• Madness at the Darkmoon Faire, November 2020: The sixteenth card expansion, with 135 cards. It's a day at the faire, and the Old Gods have returned to spread their insanity! This set featured a new triggered keyword, Corrupt, which gives the card extra effects if you play a higher-cost card while it's in your hand.
    • Darkmoon Races, January 2021: The first ever mini-setnote , with 35 cards. Taking place on the blazing trails of the Darkmoon raceway, as competitors from Outland, Scholomance, and Darkmoon all gather for an epic day of racing. This set brings back mechanics from the previous year, combining keywords in new and interesting ways.

Year of the Gryphon

This year follows a narrative focusing on ten Mercenaries - five Alliance and five Horde. Their story is told throughout the expansions as well as in the new Book of Mercenaries missions.
  • Forged in the Barrens, March 2021: The seventeenth card expansion, with 135 cards. The Barrens are a dry savannah territory, where would-be adventurers of the Horde come to prove their mettle. This set featured the new Frenzy keyword, an effect that triggers the first time the minion takes damage and survives. It also introduced Spell Schools to the game, allowing spells to benefit from tribal synergies, with the schools Arcane, Fel, Fire, Frost, Holy, Nature, and Shadow. Additionally, it featured Rank spells that become more powerful while you have 5 then 10 mana.
    • Wailing Caverns, June 2021: The second mini-set, with 35 cards. This set follows Rokara and her band of mercenaries as they venture into the Wailing Caverns. This is no ordinary adventure however, as the nightmares of Archdruid Naralex have twisted nature itself throughout the caves. This set featured Dungeoneers, minions that draw a spell and gain an effect if that spell was from a specific school, and Adventurers, 2/2 tokens that come into play with one of eight different bonus effects.
  • United in Stormwind, August 2021: The eighteenth card expansion, with 135 cards. After surviving the Barrens, the weary mercenaries have returned to Stormwind to rest up and gear up for their next adventure. It introduced the new Tradeable keyword, an ability that lets the card be traded into the deck for 1 mana, drawing a card to replace it. It also saw the addition of Questlines, legendary 3-part Quests that award something relatively minor for completing the first two parts but have a massive final reward. It also introduced 0-Attack "profession" weapons, and mount spells that give a minion a buff and summon their mount on death.
    • The Deadmines, November 2021: The third mini-set, with 35 cards. Finishing their Stormwind adventures, the mercenaries have tracked down more Naaru shards that have ended up in the hands of the Defias Brotherhood. This set had a Pirate theme and features a series of parrots, minions that repeat something that happened on a previous turn. Additionally, it introduced new Tradeable cards which also have a secondary benefit upon being traded.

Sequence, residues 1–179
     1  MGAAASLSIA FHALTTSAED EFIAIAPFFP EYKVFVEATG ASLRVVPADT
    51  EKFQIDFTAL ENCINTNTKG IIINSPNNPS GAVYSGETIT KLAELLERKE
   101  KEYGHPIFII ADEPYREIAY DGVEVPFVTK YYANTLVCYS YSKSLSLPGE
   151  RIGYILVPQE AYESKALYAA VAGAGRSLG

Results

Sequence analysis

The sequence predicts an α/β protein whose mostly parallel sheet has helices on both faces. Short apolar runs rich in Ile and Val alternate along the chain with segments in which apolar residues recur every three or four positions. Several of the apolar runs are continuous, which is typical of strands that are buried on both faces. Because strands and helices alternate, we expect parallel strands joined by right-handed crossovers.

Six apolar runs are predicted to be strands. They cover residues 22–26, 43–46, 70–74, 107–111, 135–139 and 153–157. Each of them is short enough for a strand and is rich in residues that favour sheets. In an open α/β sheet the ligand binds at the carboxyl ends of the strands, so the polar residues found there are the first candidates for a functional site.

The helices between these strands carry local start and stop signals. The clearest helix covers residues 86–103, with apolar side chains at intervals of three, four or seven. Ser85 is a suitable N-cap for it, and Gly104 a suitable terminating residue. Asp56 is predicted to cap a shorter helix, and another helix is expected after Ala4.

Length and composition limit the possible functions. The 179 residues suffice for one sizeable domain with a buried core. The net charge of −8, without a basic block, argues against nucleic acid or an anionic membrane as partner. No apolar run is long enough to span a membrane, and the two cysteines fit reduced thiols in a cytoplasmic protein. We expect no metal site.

• Fractured in Alterac Valley, December 2021: The nineteenth card expansion, with 135 cards. The Alliance and Horde mercenaries have finally come to a head, fighting for their faction for dominance over Alterac Valley. This set reintroduced Hero cards, representing the max-level mercs with game-warping abilities. It also featured a new keyword, Honorable Kill, which grants a bonus effect if the card dealt exactly enough damage to kill a target. It also added a series of "objective" spells that have an immediate effect and continue to give benefits for two more turns.
    • Onyxia's Lair, February 2022: The fourth mini-set, with 35 cards. After defeating Kazakusan and recovering the shards of Mi'da in Alterac Valley, the mercs have tracked Lady Prestor - truthfully Onyxia - to her lair in Dustwallow Marsh for the final confrontation. In addition to bringing back mechanics, keywords, and deck archetypes from all of the year's prior sets, much like Darkmoon Races from the year before, this mini-set fittingly has a heavy focus on dragons.

Year of the Hydra

  • Voyage to the Sunken City, April 2022: The twentieth card expansion, with 135 cards. The wealthy nightborne investor Ambassador Faelin has paid a team of explorers to discover the ancient city of Zin-Azshari, which has sunken under the ocean. It's not smooth sailing however, as the city is guarded by vile naga and monstrous sea creatures. This set added a new minion tribe, Naga, which gain bonus effects if you did something while the Naga was in your hand. It also added two new keywords: Dredge, which looks at three cards at the bottom of your deck and lets you put one on top; and Colossal, which causes the minion to take up {X} extra board spaces, with the body parts having their own effects.
    • Throne of the Tides, June 2022: The fifth mini-set, with 35 cards. The ocean depths around Zin-Azshari aren't just the home of naga and sea monsters- it also acts as the battleground for a war between the naga-controlled patriarch of the krakens, Ozumat, and the Elemental Lord of water, Neptulon, who fight for control of the latter's domain. In keeping with the theme, this mini-set introduces more Naga and Elementals, in addition to building upon Sunken City's additions and class themes.